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DRAMA 307 Drama RICHARD PAUL KNOWLES A year that sees the publication of no less than six new plays by George F. Walker, three by Jason Sherman, two each by Daniel Macivor, Maureen Hrmter, and Guillermo Verdecchia (one coauthored), and one by each of JudithThompson, Joan MacLeod, and DjanetSears can't be all bad. Masked by that good news, however, is a production and publication situation for new writers, for experimental work, for Theatre for Young Audiences, for radio and screen plays, and for plays in translation, that is considerably less encouraging. (This review does not take into account the republications by Playwrights Canada and Talon of a number of important scripts from the now-defunct Coach House list and elsewhere, nor does it consider a number of chapbook publications of scripts available on order through Playwrights Canada's important PUC Play Service, and listed in their catalogue.) The most unusual volume of newly published work (for the most part), and ofwork :in translation, is Leonard E. Doucette's historical collection, The Drama ofOur Past: Major Plays from Nineteenth-Century Quebec (University of Toronto Press, 328, $24.95), which represents the first publication in English of five historically important plays, plus five short paratheatrical political satires from the daily press (the so-called 'Status Quo Comedies'), all translated, edited, introduced, and usefully contextualized by Doucette as products of carefully located historical and cultural moments ranging from 1803 to 1865. The plays, all written by men, are published in chronological order, encouraging the reader to construct traditionalist narratives of historical development that Doucette's contextualizing apparatus reinforces. But for this reader the most interesting connections within the volume emanate from its literal and figurative centre,.Pierre Petitclair's A Countn; Outing. This very odd, somewhat unpleasant, and neglected little play is by the same author as The Donation, the second play in the collection, a sentimental melodramatic romance - Tartuffe without the bite or complexity. It also shares a theme- the aping of English styles in fashionable nineteenth-century Quebec society- with the first play in the volume, Joseph Quesnel's Anglomania, which Petitclair has been wrongly accused of plagiarizing. Finally, it anticipates, :in the dedication of the proceedings of its first production in 1857 to the construction of a commemorative monument to the battle of Sainte-Foy, the subject of the collection's final play, Archibald Cameron ofLocheill, an anonymous adaptation of Aubert de Gaspe's novel Les Anciens Canadiens. All three plays, moreover, deal with the still-familiar topic of English-French relations within Canada, with Archibald Cameron ultimately aligning the Scots with the French Canadians in a shared perception of English treachery. And like Anglomania and 308 LETTERS IN CANADA 1997 Archibald Cameron, A Country Outing shares this focus on English-French relations with what is arguably the best play in the collection, Louis Frechette's Felix Poutre, about the Papineau rebellion of 1837 and based on a popular memoir published by a participant. Doucette's title, of course, quite deliberately raises questions of whom its first-person plural pronoun refers to, and thereby extends the debate about relationships between francophones and anglophones into the 1990s, as does his selection of further readings, which are overwhelmingly dominated by Englishlanguage texts. But the publication of this collection makes available for study in English a range of material, some of which has been hitherto difficult to find even in French, that can only enhance cross-cultural understanding, in however limited a way. Sadly, and astonishingly, Doucette's book is the only publication of Quebec plays in translation to appear in 1997. (The partial exception to this is the first single-volume publication of Robert Lepage and Marie Brassard's Polygraph by Methuen Drama, in England [56, $16.99]. The multilingual Polygraph has been previously published in English c ·anada on three occasions, however (never in Quebec): in Canadian Theatre Review, the CTR Anthology, and, in a radically different version, volume 2 of the second edition of Jerry Wasserman 's Modern Canadian Plays. The film version is still more radically different from any of the published versions. It is the Wasserman version that is used by Methuen. All published versions are translations...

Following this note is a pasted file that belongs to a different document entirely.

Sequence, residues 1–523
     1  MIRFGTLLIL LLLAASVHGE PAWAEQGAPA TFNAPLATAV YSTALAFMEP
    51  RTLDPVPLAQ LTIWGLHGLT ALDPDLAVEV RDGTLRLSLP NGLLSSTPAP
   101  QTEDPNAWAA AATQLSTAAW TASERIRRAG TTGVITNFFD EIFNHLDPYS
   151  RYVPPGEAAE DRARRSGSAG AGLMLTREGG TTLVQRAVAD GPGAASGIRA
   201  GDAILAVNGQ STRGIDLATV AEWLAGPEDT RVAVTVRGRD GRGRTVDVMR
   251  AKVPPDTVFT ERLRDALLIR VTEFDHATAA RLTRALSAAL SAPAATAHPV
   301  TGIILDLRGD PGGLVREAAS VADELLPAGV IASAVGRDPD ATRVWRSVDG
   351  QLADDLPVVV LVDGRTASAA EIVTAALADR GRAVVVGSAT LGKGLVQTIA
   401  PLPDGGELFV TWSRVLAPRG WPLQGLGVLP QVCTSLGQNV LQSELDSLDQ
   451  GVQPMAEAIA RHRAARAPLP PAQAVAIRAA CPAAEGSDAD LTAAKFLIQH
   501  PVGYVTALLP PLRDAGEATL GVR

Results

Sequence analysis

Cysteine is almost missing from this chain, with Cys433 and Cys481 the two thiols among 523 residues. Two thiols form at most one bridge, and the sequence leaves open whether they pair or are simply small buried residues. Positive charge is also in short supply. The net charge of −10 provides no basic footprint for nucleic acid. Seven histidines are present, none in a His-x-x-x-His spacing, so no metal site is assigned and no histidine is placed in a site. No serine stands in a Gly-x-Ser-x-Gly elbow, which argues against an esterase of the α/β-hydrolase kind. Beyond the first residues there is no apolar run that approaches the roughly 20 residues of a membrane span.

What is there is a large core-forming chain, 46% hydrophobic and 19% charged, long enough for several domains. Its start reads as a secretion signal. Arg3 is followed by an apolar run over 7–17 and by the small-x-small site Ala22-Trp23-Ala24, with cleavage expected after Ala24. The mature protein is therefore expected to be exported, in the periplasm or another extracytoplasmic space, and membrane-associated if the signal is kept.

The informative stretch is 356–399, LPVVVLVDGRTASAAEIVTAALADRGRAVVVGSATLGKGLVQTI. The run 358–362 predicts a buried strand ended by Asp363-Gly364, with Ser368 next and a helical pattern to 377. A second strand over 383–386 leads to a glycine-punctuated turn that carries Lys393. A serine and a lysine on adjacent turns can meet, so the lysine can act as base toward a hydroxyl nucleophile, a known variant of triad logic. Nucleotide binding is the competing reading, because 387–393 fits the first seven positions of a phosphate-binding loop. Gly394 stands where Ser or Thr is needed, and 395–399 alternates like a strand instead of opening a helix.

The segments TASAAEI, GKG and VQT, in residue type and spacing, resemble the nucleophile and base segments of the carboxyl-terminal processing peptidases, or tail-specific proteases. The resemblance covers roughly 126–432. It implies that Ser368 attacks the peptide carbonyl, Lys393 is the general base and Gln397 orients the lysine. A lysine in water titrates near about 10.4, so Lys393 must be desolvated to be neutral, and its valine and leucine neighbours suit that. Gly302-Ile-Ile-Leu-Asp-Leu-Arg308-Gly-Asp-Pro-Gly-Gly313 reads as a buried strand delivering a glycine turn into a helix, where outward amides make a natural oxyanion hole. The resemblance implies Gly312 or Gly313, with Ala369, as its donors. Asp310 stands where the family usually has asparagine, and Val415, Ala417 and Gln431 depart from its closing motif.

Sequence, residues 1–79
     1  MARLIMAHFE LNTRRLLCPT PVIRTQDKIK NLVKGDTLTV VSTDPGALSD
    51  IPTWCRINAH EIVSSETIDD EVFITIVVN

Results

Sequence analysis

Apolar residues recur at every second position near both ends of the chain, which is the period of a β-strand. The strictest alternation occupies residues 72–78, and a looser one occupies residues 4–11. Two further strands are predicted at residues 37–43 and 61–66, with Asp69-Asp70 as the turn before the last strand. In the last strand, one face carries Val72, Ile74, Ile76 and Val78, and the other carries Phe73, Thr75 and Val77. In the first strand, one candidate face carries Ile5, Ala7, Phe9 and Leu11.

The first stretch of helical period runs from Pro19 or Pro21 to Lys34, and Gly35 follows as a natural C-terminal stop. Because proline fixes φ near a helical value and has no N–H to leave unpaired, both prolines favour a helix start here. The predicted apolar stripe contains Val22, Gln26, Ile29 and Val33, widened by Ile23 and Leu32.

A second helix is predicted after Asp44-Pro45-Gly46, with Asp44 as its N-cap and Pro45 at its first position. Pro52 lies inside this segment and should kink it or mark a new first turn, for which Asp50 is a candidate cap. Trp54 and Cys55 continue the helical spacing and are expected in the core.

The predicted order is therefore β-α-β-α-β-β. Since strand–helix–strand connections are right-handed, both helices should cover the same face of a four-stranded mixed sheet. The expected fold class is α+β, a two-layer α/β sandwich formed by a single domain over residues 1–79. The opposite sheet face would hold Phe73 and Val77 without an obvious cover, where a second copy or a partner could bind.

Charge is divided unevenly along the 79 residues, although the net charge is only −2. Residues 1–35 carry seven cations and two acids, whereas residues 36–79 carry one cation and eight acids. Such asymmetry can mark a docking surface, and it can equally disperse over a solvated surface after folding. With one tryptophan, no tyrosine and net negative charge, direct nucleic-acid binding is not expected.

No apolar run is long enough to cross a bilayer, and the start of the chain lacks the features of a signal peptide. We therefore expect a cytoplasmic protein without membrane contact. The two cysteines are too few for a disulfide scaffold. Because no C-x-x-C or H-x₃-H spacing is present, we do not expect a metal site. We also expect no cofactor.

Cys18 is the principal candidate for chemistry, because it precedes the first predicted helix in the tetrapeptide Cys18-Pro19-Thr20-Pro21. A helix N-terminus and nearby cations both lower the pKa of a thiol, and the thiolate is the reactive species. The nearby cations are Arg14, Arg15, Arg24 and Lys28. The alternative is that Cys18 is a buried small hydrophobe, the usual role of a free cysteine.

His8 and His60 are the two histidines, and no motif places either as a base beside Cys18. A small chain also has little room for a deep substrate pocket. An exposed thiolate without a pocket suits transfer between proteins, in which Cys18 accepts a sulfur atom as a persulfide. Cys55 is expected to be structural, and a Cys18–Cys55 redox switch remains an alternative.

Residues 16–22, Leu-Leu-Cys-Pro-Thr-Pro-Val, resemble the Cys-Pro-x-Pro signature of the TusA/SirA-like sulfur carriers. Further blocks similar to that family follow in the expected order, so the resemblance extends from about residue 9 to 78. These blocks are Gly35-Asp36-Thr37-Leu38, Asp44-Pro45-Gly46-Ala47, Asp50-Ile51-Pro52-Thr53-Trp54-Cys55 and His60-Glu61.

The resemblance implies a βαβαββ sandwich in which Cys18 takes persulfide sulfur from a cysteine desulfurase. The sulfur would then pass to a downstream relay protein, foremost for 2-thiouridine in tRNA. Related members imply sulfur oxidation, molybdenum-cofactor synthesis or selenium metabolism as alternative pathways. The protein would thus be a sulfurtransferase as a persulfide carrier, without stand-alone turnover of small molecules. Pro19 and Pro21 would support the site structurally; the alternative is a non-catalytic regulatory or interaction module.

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pp. 307-328
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